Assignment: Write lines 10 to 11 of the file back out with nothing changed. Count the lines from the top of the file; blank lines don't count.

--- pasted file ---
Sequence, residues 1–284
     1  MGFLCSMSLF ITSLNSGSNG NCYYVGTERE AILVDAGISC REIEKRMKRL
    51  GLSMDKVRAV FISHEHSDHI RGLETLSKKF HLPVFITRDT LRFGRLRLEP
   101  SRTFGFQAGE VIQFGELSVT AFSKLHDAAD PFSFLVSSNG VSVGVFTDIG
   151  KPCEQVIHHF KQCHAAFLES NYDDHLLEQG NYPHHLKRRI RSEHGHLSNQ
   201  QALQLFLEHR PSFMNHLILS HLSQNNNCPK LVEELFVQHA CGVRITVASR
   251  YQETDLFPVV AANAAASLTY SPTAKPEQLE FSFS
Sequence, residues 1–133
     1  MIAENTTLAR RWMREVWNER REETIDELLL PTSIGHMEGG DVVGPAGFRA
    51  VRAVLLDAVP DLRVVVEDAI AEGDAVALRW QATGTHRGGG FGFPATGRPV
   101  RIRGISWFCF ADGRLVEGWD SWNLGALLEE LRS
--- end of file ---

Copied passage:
    51  VRAVLLDAVP DLRVVVEDAI AEGDAVALRW QATGTHRGGG FGFPATGRPV
   101  RIRGISWFCF ADGRLVEGWD SWNLGALLEE LRS